November 15, 2001 – January 13, 2015
Loving Adoptive Parents: Team Minnie Pearl
Loving Sponsor – Dawn Shestko
Lifetime Guardian: Marc Sparks
Levi was an unforgettable force at CARE for over 13 years. He was most known for his intense stare (his pupils never completely dilated) and his general dislike of men (due to an accidental scare by a male volunteer that Levi never forgave). Levi was always in good health, but as he got a little older, he ended up breaking one of his canines, which is not completely uncommon in aging big cats. Usually, that is not an issue unless the break is causing discomfort. When Levi started to lose weight, we assumed it was the tooth. We ended up extracting the tooth, believing that would fix the issue. Ever since Levi’s initial issues began, we have tried everything we could think of to make him better, and we had so many reasons to believe he would make a full recovery. After the extraction, when he still wasn’t eating, we treated an infection in the extraction site. He still continued to have difficulty eating, so he was examined, treated with antibiotics, all with little effect. We started to wonder is something more was going on. X-rays were performed and there were no signs of anything in his mouth that would be causing him to continue to have problems. We tried so hard, and desperately hoped for an improvement. Despite what we did, he continued to deteriorate and quickly. We made the decision to let him go. It was a painful decision, it always is, but it was the right one for him. It is hard to explain how difficult it is to watch an animal that has been healthy, powerful, and majestic his entire life slowly weaken and fade before their time and not have the ability to make it better.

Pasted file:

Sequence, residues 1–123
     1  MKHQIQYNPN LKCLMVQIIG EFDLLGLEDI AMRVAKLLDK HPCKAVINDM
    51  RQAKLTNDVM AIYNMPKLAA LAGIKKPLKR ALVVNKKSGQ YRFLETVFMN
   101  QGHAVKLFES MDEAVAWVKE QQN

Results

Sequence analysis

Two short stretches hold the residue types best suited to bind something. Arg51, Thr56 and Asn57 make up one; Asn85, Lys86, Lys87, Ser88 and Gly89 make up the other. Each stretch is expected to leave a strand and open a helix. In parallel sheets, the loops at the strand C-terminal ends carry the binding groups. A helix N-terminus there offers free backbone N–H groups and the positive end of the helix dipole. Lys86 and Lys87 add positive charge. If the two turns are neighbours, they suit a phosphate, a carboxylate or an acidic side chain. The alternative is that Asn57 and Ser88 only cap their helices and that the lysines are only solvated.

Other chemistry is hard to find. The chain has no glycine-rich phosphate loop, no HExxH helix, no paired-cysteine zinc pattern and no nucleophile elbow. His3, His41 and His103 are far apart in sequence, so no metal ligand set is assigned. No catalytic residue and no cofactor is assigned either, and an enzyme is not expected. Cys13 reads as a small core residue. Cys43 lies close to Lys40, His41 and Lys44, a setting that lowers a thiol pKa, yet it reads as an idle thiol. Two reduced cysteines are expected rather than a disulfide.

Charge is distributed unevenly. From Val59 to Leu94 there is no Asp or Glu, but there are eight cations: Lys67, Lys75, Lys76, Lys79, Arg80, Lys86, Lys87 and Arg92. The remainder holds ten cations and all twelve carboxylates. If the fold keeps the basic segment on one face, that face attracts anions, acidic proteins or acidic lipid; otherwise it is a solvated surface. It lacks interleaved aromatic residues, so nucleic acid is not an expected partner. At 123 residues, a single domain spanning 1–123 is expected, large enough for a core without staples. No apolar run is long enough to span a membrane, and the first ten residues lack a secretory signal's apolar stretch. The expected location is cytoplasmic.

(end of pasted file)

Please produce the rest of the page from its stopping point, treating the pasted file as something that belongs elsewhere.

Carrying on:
Of course, it was crucial that we perform a thorough necropsy. What we found was quite different than anything we expected.
Preliminary pathology reports from Dr. Barbara Lewis from TVMDL have suggested that Levi suffered from Chagas disease. This disease is parasitic and is transmitted by an insect called a “kissing bug”. These bugs are prolific in Latin America, where 7 – 10 million people currently have Chagas. While rampant in Latin American countries, the “kissing bug” has just started moving into the United States. A lot is known about the disease in humans, but other than knowing that many animals can be infected, research is still being done on its prevention and treatment. Levi’s neurological symptoms, difficulty eating and swallowing, and the condition of his heart during the necropsy all support this probable diagnosis.
Volunteers Rich and Denice Hazlewood, from Bugs n’ Ashes pest control, have been aggressively treating the facility to prevent the parasite spreading. We also now have identified this parasite and can test for it and hopefully treat it if another animal becomes ill.
It is an undeniable that there will never be another tiger quite like Levi. He had an incredible presence here that is now a hole. Whether you were mesmerized by his beauty, or wary of his intimidating stare, you knew he was special. He often was misunderstood and judged too quickly. He could be incredibly calm, gentle, and affectionate (typically only women got to see this side of him). He was very loved, always respected, and we feel his loss every moment.